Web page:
New audiences for orientalist art

David Tresilian , Tuesday 12 Mar 2024

Nearly a century after his death, the French orientalist painter Etienne Dinet has been finding new audiences in Algeria, as a new Paris exhibition reveals, writes David Tresilian

Etienne Dinet

 

Sternly criticised by generations of art historians for their falsely picturesque paintings of Arab and Middle Eastern societies suffering from the violence of European imperialist incursions and direct or indirect colonial rule, the 19th-century European orientalist painters have long occupied a kind of guilty corner in European history of art.

Not usually artists of the first rank, and often choosing oriental subject matter as a safe haven in an art world otherwise swept by disorientating waves of innovation and technical change, the orientalist painters began providing candy-coloured oriental imagery for European purchasers in the early decades of the 19th century.

They reached a high point in the later decades of the 19th century with painters like the Frenchman Jean-Léon Gérôme and finally petered out in the early decades of the 20th when changes in the art market along with increasing protests against European colonialism and demands for national self-determination finally killed off the genre.

However, before that happened the orientalist painters had established a recognisable repertoire of images. While these can appear to be strictly Walt Disney to contemporary viewers, rather like 19th-century translations of the Thousand and One Nights their unapologetically kitsch world of deserts, camels, and harems can still offer a kind of lush enjoyment when taken on its own imaginative terms.

At the same time, they often still attract criticisms from those who see them as having been complicit in European colonialism in the Arab world. As the Grove Dictionary of Art, a standard English-language reference, puts it, orientalist “images of nomads and harems, exotic marriage customs and primitive means of transport could all be interpreted as pictures of backwardness, decay, and barbarism. The underlying assumption… is that colonialism was a civilising and modernising force.”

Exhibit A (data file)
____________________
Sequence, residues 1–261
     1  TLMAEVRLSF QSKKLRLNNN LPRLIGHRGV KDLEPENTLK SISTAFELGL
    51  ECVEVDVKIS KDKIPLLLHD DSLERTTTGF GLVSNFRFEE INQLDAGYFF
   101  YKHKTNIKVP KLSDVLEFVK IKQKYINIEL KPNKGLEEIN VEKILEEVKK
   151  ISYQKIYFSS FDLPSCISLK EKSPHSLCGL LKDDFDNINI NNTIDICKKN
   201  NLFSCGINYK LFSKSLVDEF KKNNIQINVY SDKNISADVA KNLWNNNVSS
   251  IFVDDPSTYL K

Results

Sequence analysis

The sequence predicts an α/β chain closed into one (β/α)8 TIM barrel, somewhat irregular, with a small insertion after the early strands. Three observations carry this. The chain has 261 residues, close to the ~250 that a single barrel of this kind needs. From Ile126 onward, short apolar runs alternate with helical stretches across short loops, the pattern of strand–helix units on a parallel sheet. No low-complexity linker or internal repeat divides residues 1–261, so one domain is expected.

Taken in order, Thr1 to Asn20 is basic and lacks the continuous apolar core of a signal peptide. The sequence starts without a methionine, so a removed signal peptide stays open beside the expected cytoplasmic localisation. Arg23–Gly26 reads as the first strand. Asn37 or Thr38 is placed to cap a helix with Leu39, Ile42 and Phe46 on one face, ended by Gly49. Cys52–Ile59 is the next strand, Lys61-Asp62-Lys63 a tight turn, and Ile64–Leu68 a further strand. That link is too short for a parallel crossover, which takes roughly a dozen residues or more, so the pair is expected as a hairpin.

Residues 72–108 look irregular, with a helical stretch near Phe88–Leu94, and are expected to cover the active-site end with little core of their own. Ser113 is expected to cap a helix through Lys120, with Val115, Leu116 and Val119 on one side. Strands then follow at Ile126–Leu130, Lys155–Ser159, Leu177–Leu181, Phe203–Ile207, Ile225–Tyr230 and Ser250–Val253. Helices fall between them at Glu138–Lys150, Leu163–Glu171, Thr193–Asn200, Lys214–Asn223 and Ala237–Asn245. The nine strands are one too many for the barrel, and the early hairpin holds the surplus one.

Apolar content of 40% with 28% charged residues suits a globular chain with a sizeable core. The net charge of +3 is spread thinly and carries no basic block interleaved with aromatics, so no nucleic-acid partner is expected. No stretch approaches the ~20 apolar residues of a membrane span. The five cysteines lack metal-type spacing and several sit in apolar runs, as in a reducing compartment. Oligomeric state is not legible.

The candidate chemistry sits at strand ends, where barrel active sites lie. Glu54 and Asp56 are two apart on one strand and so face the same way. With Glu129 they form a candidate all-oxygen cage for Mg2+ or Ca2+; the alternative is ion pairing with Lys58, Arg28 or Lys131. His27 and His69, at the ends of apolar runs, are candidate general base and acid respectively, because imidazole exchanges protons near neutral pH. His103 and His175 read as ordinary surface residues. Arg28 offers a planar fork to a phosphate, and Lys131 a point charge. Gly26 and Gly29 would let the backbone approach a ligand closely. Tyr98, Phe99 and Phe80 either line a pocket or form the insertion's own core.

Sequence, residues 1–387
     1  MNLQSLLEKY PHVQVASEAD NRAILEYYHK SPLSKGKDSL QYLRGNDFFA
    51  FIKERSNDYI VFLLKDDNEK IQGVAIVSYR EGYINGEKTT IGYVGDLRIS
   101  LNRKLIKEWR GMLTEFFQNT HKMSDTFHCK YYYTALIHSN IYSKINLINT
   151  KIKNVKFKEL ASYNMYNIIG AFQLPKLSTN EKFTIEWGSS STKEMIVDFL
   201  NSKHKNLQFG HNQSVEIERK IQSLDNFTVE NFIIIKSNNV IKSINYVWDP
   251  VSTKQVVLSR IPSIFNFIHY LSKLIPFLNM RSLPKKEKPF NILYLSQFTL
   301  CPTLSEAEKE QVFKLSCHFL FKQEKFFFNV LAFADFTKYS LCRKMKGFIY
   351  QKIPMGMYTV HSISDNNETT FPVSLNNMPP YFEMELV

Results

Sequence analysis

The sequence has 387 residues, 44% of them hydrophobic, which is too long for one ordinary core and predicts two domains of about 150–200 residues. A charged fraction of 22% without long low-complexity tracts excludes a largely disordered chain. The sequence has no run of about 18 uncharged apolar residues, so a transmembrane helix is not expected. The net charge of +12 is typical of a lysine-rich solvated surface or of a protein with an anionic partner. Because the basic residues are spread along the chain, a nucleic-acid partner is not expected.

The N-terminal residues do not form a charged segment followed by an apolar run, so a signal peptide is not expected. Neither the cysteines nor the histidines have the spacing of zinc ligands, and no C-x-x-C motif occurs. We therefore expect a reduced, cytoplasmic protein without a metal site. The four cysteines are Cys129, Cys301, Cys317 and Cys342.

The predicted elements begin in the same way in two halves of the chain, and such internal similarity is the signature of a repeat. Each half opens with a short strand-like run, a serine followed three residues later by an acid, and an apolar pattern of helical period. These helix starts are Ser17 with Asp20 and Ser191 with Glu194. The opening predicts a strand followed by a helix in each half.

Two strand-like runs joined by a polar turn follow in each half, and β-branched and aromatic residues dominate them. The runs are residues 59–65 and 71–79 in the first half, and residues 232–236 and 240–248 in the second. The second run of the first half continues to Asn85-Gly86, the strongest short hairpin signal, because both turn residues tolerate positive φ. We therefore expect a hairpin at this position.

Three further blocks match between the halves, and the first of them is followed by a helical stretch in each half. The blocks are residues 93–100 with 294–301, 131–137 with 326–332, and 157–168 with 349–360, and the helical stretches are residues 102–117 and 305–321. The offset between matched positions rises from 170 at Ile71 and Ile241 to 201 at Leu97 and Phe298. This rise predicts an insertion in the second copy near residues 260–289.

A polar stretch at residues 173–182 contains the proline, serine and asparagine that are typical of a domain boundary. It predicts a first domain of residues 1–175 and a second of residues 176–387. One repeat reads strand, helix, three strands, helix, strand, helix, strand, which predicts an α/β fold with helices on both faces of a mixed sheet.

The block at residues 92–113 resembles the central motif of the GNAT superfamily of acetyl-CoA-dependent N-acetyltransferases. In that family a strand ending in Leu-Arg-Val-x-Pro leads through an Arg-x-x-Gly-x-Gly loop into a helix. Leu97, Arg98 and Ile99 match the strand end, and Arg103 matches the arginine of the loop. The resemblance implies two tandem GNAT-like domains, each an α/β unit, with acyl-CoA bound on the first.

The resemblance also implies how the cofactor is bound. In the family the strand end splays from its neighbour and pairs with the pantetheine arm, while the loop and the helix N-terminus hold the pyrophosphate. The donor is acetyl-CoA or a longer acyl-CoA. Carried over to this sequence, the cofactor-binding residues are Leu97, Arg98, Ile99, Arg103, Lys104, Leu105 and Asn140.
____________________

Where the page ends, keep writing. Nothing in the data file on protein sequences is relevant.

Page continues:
Perhaps much of the heat has now gone out of such debates, even in the academic world, such that even Gérôme can be more dispassionately appraised as a significant, though minor, European painter of orientalist themes. He was given a major show at the Musée d’Orsay in Paris in 2010, for example, France’s most-prestigious institution of later 19th-century art.

With that of Gérôme have come other reappraisals, often of more or less forgotten figures such as fellow Frenchman Etienne Dinet, now the subject of an exhibition at the Institut du Monde arabe in Paris, the first since his death in 1929. Curator Mario Choueiry treads carefully in defending Dinet’s paintings from charges of triviality or worse, and in addition to heading off negative criticisms he also makes a few perhaps surprisingly positive claims.

Dinet had a serious interest in the North African communities he painted during his stays in Algeria, then a French colony, Choueiry says, with this being indicated by his decision to convert to Islam. Not for him the provision of orientalist fancy-dress in the manner of Gérôme, mostly staged in the artist’s Paris studio before being transferred onto canvas. Dinet lived and worked for extended periods in Algeria, he adds, and his pictures are taken from life and are not the product of a fervid imagination.

Born in Paris in 1861 to a wealthy family, Dinet had a conventional training by the standards of the time, attending first the Lycée Henri IV and then the Académie des Beaux-Arts in Paris. While the late 19th century was a period of sometimes impassioned debate in the French art world, with painters refused the right to exhibit in the official venues revolting against conventional standards of taste and launching various oppositional movements and manifestos, such developments seem to have passed Dinet by.